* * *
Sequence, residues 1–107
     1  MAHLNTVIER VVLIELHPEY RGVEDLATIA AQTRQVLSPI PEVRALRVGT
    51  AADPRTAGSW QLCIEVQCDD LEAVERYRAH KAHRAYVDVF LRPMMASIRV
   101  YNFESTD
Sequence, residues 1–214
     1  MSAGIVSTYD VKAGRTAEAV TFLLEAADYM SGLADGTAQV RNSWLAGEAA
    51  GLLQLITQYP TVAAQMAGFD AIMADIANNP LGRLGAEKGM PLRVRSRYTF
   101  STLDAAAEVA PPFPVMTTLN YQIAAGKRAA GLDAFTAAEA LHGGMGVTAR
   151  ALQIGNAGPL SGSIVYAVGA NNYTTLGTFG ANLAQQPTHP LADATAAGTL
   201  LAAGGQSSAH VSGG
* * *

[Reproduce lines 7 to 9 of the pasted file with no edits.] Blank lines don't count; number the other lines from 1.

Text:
    51  GLLQLITQYP TVAAQMAGFD AIMADIANNP LGRLGAEKGM PLRVRSRYTF
   101  STLDAAAEVA PPFPVMTTLN YQIAAGKRAA GLDAFTAAEA LHGGMGVTAR
   151  ALQIGNAGPL SGSIVYAVGA NNYTTLGTFG ANLAQQPTHP LADATAAGTL